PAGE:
Southern Minnesota's tallgrass, wildflowers and birds were on display for a wildflower walk at Joseph A. Tauer Prairie Scientific and Natural Area.

The once dominating prairie of Southern Minnesota is now a threatened ecosystem, making the Scientific and Natural Area especially important.
 
"The whole landscape used to be prairie like this down here, the part here that's unplowed is 20 acres and getting this far east, New Ulm area and east that's fairly significant. We've got very few prairies in my work area east of here. We've got one by Le Sueur, Kasota Prairie and then after that we've got some in Mauer County but those are all small fragments this is larger than those," DNR Scientific Natural Area Specialist Brad Bolduan said.
 
The Joseph A. Tauer Prairie SNA is unique because one-fourth of it is undisturbed native prairie.
 
"On this site we've got a couple in vases that are coming in and we're trying to keep those in check, we've got Birdfoot trefoil which is a legume that's kind of trying to invade from the edges we're out here controlling that, we're probably getting out here about every three weeks in the summer to control that. Leafy spurge is showing up on this site we're trying to control that. Been a little while since we've burned out here, but we probably try to burn about every third year on this property," Boldaun added.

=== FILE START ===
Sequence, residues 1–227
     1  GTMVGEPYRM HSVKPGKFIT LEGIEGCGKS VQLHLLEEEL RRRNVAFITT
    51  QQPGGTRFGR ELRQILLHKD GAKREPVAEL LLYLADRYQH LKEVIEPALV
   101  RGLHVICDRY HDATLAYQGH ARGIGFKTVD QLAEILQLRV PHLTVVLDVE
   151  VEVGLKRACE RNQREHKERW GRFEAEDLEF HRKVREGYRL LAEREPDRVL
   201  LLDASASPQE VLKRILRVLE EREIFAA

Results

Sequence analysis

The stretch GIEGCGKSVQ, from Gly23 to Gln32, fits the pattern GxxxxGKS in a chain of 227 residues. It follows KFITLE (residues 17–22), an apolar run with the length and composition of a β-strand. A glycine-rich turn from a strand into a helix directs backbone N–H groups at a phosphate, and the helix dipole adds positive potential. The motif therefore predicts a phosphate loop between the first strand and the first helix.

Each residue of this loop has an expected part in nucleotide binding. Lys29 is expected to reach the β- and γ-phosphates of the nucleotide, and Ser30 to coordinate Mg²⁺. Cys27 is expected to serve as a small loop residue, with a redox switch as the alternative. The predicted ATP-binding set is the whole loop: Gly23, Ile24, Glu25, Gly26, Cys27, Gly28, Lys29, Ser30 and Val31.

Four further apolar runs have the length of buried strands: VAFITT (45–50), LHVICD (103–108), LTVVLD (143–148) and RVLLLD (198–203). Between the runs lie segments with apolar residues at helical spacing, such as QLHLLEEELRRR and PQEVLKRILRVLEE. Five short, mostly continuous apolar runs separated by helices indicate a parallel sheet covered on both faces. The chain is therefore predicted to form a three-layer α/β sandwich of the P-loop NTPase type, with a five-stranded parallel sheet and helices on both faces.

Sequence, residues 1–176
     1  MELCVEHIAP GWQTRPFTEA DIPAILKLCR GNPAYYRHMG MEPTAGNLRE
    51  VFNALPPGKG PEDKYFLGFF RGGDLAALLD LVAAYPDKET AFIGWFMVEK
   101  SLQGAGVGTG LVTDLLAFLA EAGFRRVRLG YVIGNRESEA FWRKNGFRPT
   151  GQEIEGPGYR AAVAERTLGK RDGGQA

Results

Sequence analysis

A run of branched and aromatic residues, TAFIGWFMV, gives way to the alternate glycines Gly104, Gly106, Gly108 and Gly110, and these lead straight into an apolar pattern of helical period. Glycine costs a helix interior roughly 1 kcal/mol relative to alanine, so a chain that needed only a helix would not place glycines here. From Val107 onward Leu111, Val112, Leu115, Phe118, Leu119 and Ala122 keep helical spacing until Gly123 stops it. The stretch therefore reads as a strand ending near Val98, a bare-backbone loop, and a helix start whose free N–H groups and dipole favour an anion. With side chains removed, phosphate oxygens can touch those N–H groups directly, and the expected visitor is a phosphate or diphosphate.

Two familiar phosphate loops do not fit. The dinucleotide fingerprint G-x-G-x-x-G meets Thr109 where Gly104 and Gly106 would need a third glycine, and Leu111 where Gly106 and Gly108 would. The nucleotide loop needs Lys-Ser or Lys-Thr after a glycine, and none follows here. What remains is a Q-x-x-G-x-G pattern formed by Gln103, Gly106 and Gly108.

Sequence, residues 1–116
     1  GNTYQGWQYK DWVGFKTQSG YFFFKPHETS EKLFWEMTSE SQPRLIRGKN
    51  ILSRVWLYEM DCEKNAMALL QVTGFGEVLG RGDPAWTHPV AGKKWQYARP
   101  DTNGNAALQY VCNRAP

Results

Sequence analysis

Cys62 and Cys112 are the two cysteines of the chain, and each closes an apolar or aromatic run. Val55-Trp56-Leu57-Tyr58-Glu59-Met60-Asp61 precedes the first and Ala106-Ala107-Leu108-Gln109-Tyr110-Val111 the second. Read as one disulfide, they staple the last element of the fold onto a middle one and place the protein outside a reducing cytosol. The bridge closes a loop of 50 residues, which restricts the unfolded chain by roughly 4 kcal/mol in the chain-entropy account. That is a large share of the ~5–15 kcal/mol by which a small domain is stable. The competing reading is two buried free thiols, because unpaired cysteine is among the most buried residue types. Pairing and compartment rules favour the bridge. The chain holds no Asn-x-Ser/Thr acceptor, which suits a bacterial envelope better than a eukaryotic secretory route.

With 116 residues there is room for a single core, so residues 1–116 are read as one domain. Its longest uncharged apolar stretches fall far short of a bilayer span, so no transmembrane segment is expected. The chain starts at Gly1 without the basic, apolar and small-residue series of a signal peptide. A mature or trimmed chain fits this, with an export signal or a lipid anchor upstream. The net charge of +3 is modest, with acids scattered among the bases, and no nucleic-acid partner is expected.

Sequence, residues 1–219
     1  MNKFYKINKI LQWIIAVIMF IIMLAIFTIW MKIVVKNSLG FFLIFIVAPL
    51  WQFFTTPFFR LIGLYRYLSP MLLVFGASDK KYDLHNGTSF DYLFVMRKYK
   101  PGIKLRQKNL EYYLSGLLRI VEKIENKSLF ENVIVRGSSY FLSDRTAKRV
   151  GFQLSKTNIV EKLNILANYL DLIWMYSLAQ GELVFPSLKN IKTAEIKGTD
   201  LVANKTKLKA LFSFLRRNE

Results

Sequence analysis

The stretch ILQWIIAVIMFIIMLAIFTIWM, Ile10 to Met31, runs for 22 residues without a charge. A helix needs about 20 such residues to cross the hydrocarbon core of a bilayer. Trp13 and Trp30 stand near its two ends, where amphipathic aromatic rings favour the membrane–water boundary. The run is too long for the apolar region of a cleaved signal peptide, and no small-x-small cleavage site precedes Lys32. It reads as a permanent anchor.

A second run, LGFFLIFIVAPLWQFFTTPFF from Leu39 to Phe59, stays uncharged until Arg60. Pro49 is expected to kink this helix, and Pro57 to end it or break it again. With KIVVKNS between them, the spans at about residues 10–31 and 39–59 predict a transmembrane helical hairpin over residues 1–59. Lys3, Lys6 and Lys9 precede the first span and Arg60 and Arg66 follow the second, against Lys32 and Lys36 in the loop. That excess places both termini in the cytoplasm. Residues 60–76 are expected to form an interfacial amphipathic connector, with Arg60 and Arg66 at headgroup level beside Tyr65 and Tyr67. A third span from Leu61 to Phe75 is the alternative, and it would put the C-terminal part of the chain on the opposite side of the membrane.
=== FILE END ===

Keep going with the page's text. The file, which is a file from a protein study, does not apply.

With about 100 species of plants flowering, it's a great time to be out walking the prairie.
 
"There are several legumes blooming, purple Prairie Clover there's lead plant, there's a couple onions that are blooming. A lot of composites and sunflowers, some brown eyed Susan's, some of the gayfeathers are starting to bloom. We've got two different legumes, the purple Prairie Clover and the candida trefoil are blooming," Boldaun said.
 
There will be one more walk taking place in Yellow Medicine County which will wrap up DNR nature walks this season but they will be back in full force next year.

--KEYC News 12